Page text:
After 2004 flood, it was planned to construct water source with raised platform in flood shelter or strategic location as emergency preparedness so that the flood distressed people can get water form these sources during flood. In these context water source with raised platform was designed and piloting of 20 no such technologies was carried out in Narsingdi, Lakhmipur, Sylhet and Moulvibazar ( 5 nos at each district).

Narayanpasa Govt. Primary School, Moulovibazar

Jalalabad UP office, Sylhet
In evaluation it was found that water point with raised platform installed in flood shelter ( mostly school or college where people take refuge during flood) or strategic location would be used by the people in normal time and be useful during flood period. Following the findings of piloting, the said technologies were incorporated in the UNICEF assisted Post Flood Rehabilitation project. Under this project about 3500 nos such technologies were installed. After 2007 flood, carried out by CEGIS revealed that these options were very effective during flood.

Pond Sand Filters (PSF):


a. Iron Removal Unit
As a part of the DPHE-UNICEF R & D activities, 10 nos Iron Removal Units have been constructed with different models including using VS ring. Water quality monitoring including its performance evaluation as regard to O&M and acceptability by the community will be start at last part of February 2008. removal of manganese also be include in water quality monitoring programme.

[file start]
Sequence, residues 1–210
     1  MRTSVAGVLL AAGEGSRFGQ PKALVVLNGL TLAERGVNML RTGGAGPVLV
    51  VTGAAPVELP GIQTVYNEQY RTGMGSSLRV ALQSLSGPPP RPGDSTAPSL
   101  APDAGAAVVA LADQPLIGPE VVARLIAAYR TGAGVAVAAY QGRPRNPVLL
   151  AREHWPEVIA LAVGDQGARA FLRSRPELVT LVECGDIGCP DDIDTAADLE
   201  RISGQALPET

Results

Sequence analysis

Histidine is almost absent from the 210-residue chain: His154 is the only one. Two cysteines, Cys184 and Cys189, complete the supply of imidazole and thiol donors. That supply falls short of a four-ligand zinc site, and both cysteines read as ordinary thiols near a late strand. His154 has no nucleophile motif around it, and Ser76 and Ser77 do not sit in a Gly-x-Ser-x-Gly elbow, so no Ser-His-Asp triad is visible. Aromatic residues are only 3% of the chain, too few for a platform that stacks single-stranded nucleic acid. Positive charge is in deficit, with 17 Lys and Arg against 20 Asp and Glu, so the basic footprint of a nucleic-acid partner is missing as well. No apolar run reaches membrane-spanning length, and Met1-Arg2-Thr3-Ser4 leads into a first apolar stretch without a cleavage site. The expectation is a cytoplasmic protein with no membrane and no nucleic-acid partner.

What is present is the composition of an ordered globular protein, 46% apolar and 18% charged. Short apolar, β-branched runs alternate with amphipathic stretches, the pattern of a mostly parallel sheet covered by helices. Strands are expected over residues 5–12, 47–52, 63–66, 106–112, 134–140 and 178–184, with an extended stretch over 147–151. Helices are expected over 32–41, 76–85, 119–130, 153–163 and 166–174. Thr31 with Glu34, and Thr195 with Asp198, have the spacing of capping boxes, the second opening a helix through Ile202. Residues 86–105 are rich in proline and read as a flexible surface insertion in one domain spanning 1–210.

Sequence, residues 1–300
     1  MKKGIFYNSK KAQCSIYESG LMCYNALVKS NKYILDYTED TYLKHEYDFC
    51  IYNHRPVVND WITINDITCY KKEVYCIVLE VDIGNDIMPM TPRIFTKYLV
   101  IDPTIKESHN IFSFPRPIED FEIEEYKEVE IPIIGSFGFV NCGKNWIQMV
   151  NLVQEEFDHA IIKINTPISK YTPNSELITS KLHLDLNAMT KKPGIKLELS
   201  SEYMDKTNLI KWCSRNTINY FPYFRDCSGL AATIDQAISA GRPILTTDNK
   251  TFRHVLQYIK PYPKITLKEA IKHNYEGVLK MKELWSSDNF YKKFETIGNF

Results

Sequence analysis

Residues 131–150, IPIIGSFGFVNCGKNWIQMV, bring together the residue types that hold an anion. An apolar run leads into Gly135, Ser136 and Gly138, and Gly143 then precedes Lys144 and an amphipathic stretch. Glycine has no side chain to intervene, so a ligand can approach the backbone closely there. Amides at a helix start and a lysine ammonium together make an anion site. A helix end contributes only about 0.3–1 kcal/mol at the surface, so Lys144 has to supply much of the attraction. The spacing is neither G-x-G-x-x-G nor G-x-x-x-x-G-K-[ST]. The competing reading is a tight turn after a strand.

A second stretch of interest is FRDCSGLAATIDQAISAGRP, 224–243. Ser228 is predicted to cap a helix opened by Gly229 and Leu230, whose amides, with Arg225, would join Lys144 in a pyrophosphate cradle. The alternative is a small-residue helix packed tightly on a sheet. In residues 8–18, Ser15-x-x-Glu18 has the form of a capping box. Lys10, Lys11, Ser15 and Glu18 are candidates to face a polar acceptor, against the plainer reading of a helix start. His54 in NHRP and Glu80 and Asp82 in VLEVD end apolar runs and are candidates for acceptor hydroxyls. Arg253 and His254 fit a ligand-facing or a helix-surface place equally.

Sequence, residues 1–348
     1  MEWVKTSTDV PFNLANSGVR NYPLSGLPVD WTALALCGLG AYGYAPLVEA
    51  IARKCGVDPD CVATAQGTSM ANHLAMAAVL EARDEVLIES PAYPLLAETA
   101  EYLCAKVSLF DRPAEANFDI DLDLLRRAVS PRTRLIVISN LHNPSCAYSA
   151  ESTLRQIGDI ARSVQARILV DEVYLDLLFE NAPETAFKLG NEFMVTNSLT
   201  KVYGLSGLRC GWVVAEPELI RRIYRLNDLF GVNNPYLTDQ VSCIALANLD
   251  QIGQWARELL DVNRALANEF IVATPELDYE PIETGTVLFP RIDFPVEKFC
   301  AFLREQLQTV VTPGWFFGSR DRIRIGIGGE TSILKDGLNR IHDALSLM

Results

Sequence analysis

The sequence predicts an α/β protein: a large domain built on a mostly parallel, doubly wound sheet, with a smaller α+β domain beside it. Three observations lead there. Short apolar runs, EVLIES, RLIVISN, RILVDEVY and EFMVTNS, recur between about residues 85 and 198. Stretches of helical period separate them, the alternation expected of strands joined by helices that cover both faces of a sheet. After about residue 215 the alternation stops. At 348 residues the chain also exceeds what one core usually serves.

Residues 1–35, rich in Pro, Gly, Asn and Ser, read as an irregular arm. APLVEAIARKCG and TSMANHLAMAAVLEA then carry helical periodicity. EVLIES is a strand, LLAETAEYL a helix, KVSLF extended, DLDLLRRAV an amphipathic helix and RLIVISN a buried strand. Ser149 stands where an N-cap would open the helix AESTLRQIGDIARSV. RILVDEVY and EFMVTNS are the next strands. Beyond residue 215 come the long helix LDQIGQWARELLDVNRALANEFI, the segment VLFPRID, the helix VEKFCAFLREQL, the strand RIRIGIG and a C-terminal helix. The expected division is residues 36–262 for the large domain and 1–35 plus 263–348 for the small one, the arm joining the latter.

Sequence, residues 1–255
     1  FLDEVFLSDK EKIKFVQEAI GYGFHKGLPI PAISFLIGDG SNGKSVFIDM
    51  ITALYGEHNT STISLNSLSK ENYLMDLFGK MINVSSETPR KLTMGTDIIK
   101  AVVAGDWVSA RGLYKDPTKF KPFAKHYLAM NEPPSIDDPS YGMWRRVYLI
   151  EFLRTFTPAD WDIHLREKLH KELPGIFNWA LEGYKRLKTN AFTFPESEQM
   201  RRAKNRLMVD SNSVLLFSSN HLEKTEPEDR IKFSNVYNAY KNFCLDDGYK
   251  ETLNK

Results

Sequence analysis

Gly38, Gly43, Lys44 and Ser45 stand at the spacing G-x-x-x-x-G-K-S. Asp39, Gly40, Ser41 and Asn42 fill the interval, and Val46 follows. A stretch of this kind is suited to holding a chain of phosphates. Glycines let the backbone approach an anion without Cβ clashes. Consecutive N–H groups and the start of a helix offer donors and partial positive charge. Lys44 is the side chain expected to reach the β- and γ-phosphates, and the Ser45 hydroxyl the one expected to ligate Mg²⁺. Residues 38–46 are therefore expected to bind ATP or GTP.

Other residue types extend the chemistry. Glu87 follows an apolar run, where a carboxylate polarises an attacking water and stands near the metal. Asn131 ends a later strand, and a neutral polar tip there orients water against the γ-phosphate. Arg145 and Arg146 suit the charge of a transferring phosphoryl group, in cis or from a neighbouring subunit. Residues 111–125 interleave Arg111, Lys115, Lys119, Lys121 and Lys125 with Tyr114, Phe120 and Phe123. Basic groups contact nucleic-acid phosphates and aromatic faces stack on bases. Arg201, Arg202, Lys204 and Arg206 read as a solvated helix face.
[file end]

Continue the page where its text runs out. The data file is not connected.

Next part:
b. Mark-3 and Afridev Technology
It was reported that some part of the country (particularly Rajshahi zone), facing acute lowering of water table exceeding 100 ft. In these areas Tara-dev is not suitable. So Mark-3 and Afridev pump capable of abstracting water having water table around 150 ft. has been taken for piloting under DPHE-UNICEF R&D activities. 5 such tubewells ( 1 in Tongi, 2 in Chapai Nawabganj and 2 in Rajshahi) have already been installed. These technologies will be monitored, reviewed and to be modified for make it more suitable in terms of performance and cost of the technology as well.

c. Safe Water System (SWS): Household Chlorination of Dug well
Piloting on point of use water treatment technologies has been undertaken by DPHE-WHO-UNICEF initiatives. Under these piloting household chlorination is being done in the dugwell of Homna upazilas. EPRC and TWSDA have been engaged as a partner agency. Baseline survey has been completed. Other works like distribution of disinfectant, motivation of the community, testing of water quality is going on.